Do you remember The Twilight Zone episode “It’s A Good Life?” The episode features a six-year old boy, who has the powers of a god. He can read your mind or control the weather. No one knows if he made the entire world disappear, leaving only his small town remaining, or if he ripped their town away from the planet, and placed everyone literally in the middle of nowhere. That said, the kid’s scariest power is the ability to wish anyone, at any time, into the cornfield.
And that brings us to the Dodgers and the A.J. Ellis trade. Dodgers management sent Ellis away to Philadelphia with the same amount of foresight and sensitivity (ZERO!) the monster shows when he ships folks off, or creates a snowstorm just because he can. Just like the monster, Dodgers management was completely oblivious to the timing of the Ellis trade, and the ramifications it could bring.
They traded Ellis today not because Carlos Ruiz had to be on the roster RIGHT NOW, they did it because they could.
I get it. Ellis has been unproductive (in the stats charts) for the past couple of months. The Dodgers could use a shot of new – postseason tested – blood on the roster. Ruiz should be a step forward for the catching corps. Those are all valid points.
My question is, did it have to happen exactly when it happened?
Is the Dodgers brain trust that blind to the fact that team leaders matter? They supposedly sent Yasiel Puig to the minors partly because of team chemistry factors, so this one makes me scratch my head. Hello, Clayton Kershaw? Hello, Yasmani Grandal? Hello, pitching staff? And all the other teammates that like and respect him? Did that chemistry count for nothing? Zilch? The non-logic makes my head explode.
I’m not talking about trading the guy. I’ll grant that it was a good move, if all we care about are numbers on a chart. But baseball is so much more than that. Do you think people believe they are born fans of a particular team because of that team’s OPS and WHiP stats? Do you think teammates cry about trades because of FPCT numbers?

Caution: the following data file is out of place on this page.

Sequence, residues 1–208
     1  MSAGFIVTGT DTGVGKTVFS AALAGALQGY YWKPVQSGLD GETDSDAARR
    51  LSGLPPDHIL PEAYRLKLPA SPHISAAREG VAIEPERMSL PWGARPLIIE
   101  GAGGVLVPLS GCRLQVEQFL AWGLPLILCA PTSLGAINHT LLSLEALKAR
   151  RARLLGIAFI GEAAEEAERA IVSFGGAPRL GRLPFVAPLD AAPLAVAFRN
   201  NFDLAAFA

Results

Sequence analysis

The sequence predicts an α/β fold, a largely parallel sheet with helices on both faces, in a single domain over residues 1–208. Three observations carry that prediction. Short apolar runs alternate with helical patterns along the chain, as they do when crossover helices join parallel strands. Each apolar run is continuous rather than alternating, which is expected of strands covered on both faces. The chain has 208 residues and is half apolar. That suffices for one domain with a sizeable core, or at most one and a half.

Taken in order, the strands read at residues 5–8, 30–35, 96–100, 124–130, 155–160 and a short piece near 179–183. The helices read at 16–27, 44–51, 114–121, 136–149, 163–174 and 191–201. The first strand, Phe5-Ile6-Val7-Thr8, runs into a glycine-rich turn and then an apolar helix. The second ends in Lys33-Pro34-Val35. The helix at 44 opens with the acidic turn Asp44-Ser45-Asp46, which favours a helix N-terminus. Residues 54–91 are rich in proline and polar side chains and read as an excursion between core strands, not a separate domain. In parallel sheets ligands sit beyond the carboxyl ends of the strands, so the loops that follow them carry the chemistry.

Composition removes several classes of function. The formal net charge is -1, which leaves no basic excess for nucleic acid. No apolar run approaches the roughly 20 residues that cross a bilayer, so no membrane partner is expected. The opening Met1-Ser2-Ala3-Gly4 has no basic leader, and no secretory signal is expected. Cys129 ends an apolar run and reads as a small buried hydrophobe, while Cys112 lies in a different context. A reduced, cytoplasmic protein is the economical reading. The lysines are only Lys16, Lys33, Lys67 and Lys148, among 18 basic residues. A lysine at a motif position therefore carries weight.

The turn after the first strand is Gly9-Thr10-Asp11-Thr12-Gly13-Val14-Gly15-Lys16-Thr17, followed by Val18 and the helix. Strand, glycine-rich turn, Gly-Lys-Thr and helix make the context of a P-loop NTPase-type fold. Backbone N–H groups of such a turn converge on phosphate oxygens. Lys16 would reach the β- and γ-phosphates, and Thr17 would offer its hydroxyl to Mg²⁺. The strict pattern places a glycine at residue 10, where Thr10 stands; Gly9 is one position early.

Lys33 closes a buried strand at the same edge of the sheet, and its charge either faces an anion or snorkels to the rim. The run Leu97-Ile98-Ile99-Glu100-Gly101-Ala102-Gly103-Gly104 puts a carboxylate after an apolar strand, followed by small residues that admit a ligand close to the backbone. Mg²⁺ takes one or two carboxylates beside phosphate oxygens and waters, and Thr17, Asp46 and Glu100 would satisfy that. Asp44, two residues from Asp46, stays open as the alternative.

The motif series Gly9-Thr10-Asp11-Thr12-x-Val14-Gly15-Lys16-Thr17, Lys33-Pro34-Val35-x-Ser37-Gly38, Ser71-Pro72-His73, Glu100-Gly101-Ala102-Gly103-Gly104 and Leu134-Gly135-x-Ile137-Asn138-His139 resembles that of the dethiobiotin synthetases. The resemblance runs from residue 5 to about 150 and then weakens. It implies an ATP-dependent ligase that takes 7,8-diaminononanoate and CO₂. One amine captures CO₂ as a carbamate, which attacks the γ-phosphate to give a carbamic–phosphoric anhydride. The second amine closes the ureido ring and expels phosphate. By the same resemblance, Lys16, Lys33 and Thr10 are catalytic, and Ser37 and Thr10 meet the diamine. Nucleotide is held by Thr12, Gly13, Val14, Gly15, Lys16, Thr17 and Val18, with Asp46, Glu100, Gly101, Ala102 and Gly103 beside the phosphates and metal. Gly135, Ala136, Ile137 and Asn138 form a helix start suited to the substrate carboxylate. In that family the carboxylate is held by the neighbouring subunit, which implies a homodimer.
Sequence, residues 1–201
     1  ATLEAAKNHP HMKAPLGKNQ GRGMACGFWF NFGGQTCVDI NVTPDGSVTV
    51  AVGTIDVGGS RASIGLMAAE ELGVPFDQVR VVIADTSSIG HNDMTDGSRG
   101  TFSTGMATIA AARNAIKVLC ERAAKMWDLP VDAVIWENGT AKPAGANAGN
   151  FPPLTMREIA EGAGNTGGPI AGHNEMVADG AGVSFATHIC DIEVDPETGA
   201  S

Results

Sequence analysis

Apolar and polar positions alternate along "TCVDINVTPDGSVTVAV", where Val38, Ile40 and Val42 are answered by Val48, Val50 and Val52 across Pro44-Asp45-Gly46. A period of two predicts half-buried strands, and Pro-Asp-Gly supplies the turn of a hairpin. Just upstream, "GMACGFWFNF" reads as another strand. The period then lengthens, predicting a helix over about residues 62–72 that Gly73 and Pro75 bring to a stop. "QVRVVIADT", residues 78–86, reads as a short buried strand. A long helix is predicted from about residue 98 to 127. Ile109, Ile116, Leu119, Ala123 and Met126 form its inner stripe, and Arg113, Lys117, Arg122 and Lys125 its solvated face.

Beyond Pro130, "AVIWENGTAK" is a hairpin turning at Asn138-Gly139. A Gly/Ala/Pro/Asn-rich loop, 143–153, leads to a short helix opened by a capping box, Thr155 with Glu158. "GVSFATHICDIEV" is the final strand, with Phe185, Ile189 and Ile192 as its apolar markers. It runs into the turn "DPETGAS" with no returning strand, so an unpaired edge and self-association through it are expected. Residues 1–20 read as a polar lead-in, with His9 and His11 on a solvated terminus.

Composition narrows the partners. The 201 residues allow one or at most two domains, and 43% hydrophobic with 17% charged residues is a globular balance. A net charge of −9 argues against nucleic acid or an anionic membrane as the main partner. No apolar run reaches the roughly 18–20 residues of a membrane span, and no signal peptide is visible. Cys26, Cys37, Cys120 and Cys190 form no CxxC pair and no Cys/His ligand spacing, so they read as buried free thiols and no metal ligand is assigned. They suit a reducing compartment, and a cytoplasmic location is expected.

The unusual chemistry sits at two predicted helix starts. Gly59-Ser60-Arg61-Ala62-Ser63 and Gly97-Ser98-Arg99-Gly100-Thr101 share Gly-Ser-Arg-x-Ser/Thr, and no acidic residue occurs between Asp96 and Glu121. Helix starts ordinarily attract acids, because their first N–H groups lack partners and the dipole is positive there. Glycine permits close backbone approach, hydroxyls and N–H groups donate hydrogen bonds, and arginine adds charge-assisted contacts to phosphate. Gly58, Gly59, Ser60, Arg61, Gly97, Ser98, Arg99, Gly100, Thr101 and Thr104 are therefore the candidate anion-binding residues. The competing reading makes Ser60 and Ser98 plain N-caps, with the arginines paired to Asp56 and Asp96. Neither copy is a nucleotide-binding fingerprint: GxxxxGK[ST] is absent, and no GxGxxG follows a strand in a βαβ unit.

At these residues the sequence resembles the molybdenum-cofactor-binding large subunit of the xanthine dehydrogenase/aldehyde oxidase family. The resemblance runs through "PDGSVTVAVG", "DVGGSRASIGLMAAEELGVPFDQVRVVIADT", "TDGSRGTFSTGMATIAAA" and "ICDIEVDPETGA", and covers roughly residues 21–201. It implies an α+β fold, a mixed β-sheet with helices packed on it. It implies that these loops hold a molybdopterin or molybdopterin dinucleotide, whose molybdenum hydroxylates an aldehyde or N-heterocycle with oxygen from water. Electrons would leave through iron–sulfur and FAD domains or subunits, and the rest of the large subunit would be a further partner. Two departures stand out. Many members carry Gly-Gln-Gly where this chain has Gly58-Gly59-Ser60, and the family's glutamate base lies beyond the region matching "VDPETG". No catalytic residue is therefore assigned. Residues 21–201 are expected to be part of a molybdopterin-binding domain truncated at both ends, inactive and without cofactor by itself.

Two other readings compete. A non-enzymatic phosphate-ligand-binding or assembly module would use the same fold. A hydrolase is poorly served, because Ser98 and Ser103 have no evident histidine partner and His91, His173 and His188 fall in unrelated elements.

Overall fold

My mother recently passed away. When I stopped by the mortuary to pick up the urn containing her ashes, there was a family there having a funeral service. EVERYONE attending was decked out in Dodgers gear. That doesn’t happen because of WHIP trends. Baseball is life. It’s life to those of us who watch and opine about it; you better believe it’s bigger than life to many who play the game at its highest level.
That’s my point. Dodgers management had no concept of how trading away a popular team leader would affect the mojo of the Dodgers – at least in the short-term. And when there are less than 30 games on the schedule, everything matters in the short-term.
According to reports, Clayton Kershaw was devastated by the news. I’m sure he wasn’t the only one in the clubhouse feeling blue – and I don’t mean the good kind of Dodger Blue. Many in the fan base were outraged by the cold and callous way the trade was handled.
It happened on the night of a home game – a sell out – when the Dodgers were playing their hated rivals, the San Francisco Giants. The Dodgers had just taken two games from the Giants, advancing their lead to three games. The Giants were slipping in the standings and reeling. A sweep and going four games up was entirely possible.
And then management sucker punched the team, right in the gut. A ten-year old would have advised against the timing. The results? The Dodgers slept-walked through the game. They were no-hit for 8 2/3 innings, and were shutout 0-4.
Management wished A.J. Ellis into the cornfields of Philadelphia, without considering the fallout of the timing, simply because they could. If this isn’t an argument against having a baseball team solely run by numbers-crunching stat heads, I don’t know what is.